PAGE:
Monday, April 20, 2020

Large Restaurant and Hotel Chains Get PPP Loans While Small Business Receive Nothing

There's a reason Democrats sought to have oversight in how the small business Paycheck Protection Program (PPP) would be administered (they failed due to GOP intransigence) - they knew large businesses would swoop in like pigs at a trough and leave actual small business getting nothing.  Sadly, that is precisely what has happened as stories in the Orlando Sentinel and CNN Business are reporting.  Sadly, the GOP agenda of aiding the rich while leaving the poor and small business to wither goes on.  One large chain - likely fearful of a customer backlash - has said it is returning the funds, but most of the hogs at the trough have the attitude of screw the little guys and the mom and pop operations who most desperately need these loans.  Would that a list were published naming these large companies so that average Americans could boycott them for their greed.  First this from the Orlando Sentinel (note how many of these companies spent millions buying back stock last year):
The Pennsylvania investment firm that owns the Ritz-Carlton Coconut Grove in Miami has applied for as many as 48 taxpayer-backed loans under an emergency program meant to help the nation’s smallest businesses hang on to their employees through the coronavirus pandemic.
A Maryland hotel company that did more than $1.5 billion in revenue last year has applied for more than 50 loans — and been approved for about 10 so far.
And Winter Park’s Ruth’s Hospitality Group Inc. — the parent company of Ruth’s Chris Steak House that made $42 million in profits last year and spent $41 million buying back stock and paying dividends to shareholders — revealed Monday that it has received $20 million through two small business loans.
Across the country, hotel and restaurant companies of all sizes are tapping into the “Paycheck Protection Program,” the $350 billion fund that Congress set up specifically for small businesses as part of an overall $2.2 trillion economic rescue plan.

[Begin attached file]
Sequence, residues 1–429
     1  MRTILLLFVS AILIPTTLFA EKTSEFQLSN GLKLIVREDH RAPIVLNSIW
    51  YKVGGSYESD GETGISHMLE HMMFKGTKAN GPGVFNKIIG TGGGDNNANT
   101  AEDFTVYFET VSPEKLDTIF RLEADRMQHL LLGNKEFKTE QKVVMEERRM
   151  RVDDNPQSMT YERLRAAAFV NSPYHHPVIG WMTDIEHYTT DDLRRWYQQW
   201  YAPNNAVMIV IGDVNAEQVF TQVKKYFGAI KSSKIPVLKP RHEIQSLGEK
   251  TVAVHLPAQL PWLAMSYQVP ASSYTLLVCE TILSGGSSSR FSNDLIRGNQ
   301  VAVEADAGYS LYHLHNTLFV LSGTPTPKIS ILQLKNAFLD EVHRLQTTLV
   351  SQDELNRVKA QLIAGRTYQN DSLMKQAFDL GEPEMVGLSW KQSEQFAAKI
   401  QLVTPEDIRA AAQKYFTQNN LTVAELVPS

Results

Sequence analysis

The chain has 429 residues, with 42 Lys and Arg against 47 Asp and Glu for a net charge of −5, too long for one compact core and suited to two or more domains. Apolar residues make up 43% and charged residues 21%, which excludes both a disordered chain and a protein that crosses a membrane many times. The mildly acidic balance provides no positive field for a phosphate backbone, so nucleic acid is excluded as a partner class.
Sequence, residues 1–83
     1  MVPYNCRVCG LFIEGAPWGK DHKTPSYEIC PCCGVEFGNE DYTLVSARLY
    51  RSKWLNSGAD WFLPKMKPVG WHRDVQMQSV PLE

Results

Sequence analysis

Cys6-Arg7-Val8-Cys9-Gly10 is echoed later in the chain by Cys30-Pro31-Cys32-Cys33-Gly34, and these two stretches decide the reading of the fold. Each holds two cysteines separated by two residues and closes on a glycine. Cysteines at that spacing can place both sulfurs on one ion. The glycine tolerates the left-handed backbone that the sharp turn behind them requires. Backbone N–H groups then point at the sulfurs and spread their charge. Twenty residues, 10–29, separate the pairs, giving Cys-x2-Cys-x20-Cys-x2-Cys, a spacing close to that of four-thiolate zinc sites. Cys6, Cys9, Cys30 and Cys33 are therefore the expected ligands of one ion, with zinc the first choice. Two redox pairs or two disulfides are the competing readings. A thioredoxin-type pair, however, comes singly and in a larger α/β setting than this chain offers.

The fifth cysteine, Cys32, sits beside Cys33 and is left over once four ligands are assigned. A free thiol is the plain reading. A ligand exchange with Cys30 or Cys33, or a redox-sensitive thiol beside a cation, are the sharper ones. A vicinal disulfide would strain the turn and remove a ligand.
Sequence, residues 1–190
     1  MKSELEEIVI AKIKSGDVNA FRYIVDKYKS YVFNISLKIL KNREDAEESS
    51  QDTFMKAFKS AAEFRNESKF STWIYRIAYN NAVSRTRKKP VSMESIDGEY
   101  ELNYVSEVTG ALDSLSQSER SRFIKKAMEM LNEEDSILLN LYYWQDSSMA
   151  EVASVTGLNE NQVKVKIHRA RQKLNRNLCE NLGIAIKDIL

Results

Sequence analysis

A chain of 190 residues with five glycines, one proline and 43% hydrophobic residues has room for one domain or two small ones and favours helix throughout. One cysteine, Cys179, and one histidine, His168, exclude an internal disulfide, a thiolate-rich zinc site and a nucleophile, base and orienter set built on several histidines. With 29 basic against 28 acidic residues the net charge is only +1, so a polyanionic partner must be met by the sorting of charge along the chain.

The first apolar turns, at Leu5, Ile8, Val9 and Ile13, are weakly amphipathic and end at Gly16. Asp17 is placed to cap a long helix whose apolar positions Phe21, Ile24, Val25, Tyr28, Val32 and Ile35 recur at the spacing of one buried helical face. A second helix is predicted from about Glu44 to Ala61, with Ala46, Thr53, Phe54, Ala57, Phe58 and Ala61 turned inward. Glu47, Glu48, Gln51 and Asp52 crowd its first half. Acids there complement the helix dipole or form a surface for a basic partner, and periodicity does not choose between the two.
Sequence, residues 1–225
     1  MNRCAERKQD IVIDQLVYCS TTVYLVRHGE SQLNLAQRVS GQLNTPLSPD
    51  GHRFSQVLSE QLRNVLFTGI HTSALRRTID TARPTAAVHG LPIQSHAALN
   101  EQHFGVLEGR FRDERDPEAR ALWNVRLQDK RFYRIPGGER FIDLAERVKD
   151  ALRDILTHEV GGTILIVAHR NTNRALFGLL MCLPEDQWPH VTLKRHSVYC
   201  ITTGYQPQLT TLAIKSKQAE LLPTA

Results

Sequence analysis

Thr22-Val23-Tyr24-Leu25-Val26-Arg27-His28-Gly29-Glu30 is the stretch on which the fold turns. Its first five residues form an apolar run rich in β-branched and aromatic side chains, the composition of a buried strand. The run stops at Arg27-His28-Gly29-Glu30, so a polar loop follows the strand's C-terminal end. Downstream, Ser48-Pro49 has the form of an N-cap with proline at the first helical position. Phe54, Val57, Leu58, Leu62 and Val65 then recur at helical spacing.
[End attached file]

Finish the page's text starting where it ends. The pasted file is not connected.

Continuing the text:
Midsized and large hoteliers and restaurateurs are qualifying for the potentially forgivable loans — more than one, in many cases ― under special rules written into the program at the request of industry lobbyists, who argued that hospitality businesses have been uniquely devastated by coast-to-coast travel bans, shutdowns and shelter-in-place orders.
And now — as congressional leaders negotiate another spending bill that would add $250 billion or more into the PPP program, which officially ran out of money by Thursday morning — hotels and restaurants are pressing lawmakers to loosen the rules around how they are supposed to spend that money.
They have asked to spend less of their PPP loan proceeds on wages for workers and more on other expenses, such as mortgage principal or franchise fees that get paid to larger companies like Marriott International Inc. and McDonald’s Corp. They want to wait longer before they must rehire employees who have already been furloughed or laid off.
Choice Hotels International Inc., the lodging industry giant that has franchised more than 7,000 hotels under brands like Clarion and Comfort Inn, has said it was one of the companies that lobbied lawmakers for that provision.